“Using policy and legal levers to influence how people are hired and treated at work can have profound effects on improving the health of workers and their communities,” Seixas added.
The study was published in the Russell Sage Foundation Journal of the Social Sciences.
Source: University of Washington
Voters can form false memories after seeing fake news stories, especially if those stories align with their political beliefs, according to new research out of Ireland.
The research was conducted in the week before the 2018 referendum on legalizing abortion in Ireland, but researchers suggest that fake news is likely to have similar effects in other political contexts, including the U.S. presidential race in 2020.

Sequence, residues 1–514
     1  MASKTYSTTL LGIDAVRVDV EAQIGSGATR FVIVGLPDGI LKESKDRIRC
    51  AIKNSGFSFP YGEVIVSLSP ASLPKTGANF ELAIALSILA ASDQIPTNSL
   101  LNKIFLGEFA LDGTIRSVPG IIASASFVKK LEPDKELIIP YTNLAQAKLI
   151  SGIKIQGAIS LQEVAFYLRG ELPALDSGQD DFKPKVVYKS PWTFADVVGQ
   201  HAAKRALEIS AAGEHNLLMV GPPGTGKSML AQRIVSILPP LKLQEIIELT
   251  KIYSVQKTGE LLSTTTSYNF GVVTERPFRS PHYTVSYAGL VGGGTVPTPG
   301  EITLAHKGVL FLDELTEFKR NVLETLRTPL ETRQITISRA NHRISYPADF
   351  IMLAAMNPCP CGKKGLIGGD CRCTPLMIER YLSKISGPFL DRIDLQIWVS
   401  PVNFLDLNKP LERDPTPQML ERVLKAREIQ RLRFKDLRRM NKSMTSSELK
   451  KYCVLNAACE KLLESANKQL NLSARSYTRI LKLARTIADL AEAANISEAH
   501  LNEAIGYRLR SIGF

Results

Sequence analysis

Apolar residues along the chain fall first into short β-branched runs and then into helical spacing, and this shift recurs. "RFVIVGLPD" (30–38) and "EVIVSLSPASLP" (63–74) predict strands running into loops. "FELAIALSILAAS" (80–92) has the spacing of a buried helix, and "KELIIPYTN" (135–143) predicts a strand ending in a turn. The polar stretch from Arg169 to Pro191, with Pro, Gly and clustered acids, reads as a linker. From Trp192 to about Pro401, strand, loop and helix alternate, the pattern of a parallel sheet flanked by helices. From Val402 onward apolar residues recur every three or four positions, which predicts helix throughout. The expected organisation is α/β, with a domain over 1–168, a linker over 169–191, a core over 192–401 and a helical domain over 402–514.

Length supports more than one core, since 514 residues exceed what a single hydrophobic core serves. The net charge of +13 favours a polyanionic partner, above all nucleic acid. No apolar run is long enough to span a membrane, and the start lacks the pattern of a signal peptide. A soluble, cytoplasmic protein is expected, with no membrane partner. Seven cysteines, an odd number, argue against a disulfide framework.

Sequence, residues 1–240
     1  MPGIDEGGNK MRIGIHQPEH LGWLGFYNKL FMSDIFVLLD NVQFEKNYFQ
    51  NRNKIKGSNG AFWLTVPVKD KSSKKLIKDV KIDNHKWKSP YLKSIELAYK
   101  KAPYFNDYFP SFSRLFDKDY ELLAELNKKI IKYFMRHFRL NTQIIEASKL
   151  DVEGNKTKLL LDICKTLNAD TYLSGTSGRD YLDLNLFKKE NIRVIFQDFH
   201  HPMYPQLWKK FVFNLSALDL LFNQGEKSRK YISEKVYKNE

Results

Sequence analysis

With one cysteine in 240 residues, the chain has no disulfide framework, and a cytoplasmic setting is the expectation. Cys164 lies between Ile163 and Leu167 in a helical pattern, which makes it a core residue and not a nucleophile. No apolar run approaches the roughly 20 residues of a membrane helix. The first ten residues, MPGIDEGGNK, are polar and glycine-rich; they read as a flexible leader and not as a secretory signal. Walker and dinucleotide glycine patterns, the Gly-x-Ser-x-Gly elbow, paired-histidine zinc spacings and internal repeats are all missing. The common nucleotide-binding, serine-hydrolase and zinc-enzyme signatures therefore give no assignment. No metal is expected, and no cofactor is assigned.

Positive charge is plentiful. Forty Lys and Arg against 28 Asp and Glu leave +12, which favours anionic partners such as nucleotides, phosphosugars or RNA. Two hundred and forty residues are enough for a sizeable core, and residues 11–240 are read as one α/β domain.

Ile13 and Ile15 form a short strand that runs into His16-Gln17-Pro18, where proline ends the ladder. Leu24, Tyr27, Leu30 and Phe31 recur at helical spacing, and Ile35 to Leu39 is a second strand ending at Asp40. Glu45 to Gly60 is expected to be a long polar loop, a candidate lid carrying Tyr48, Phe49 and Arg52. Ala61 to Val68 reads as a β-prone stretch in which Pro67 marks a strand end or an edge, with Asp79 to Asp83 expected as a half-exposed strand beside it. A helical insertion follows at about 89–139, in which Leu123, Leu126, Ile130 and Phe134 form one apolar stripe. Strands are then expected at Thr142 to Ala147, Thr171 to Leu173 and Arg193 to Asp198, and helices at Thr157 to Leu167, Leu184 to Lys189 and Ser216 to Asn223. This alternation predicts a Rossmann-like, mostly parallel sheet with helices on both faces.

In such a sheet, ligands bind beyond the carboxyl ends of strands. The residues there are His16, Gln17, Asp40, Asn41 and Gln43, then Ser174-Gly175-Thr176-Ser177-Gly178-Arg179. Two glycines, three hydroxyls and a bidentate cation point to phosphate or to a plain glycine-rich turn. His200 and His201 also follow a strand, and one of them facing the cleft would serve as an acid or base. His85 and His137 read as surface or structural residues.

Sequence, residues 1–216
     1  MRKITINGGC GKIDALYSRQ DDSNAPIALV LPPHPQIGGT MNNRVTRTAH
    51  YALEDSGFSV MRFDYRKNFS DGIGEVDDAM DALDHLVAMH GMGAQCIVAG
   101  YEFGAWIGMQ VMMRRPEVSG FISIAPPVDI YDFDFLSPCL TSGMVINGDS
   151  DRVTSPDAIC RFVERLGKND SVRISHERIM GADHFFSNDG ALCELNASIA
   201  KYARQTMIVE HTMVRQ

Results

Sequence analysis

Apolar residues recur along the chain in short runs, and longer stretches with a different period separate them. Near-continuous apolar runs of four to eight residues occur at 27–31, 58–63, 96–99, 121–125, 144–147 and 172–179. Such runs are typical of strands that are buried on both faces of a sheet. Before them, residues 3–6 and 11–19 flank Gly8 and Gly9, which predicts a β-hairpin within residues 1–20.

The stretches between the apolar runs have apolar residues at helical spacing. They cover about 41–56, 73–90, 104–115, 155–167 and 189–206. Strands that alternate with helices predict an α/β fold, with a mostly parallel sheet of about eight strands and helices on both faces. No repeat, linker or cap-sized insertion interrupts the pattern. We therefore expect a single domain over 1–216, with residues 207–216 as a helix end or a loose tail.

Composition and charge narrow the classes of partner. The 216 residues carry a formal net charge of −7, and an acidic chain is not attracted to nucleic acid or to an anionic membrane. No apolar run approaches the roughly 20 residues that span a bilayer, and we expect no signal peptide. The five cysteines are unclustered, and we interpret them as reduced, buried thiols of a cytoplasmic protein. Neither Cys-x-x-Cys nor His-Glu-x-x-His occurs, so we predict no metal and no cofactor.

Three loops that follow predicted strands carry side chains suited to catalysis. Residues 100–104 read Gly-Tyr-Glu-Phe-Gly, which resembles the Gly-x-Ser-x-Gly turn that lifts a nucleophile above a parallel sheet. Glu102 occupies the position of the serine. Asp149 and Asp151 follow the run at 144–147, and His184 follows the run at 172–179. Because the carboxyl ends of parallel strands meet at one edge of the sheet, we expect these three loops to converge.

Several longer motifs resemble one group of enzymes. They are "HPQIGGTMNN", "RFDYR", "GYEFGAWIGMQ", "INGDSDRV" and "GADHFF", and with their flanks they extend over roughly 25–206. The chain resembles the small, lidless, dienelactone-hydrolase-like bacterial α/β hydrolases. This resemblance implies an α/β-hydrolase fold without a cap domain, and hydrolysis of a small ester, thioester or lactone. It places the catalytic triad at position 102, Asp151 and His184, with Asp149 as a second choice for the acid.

“In highly emotional, partisan political contests, such as the 2020 U.S. presidential election, voters may ‘remember’ entirely fabricated news stories,” said lead author Gillian Murphy of University College Cork. “In particular, they are likely to ‘remember’ scandals that reflect poorly on the opposing candidate.”
According to Murphy, the study is novel because it examines misinformation and false memories in relation to a real-world referendum.
For the study, the researchers recruited 3,140 voters online and asked them whether and how they planned to vote in the referendum.
Next, each participant was presented with six news reports, two of which were made-up stories that depicted campaigners on either side of the issue engaging in illegal or inflammatory behavior. After reading each story, participants were asked if they had heard about the event depicted in the story before. If they did, they were asked to report any specific memories about it.
The researchers then told the voters that some of the stories had been fabricated. They invited the participants to identify any of the reports they believed to be fake. Finally, the participants completed a cognitive test.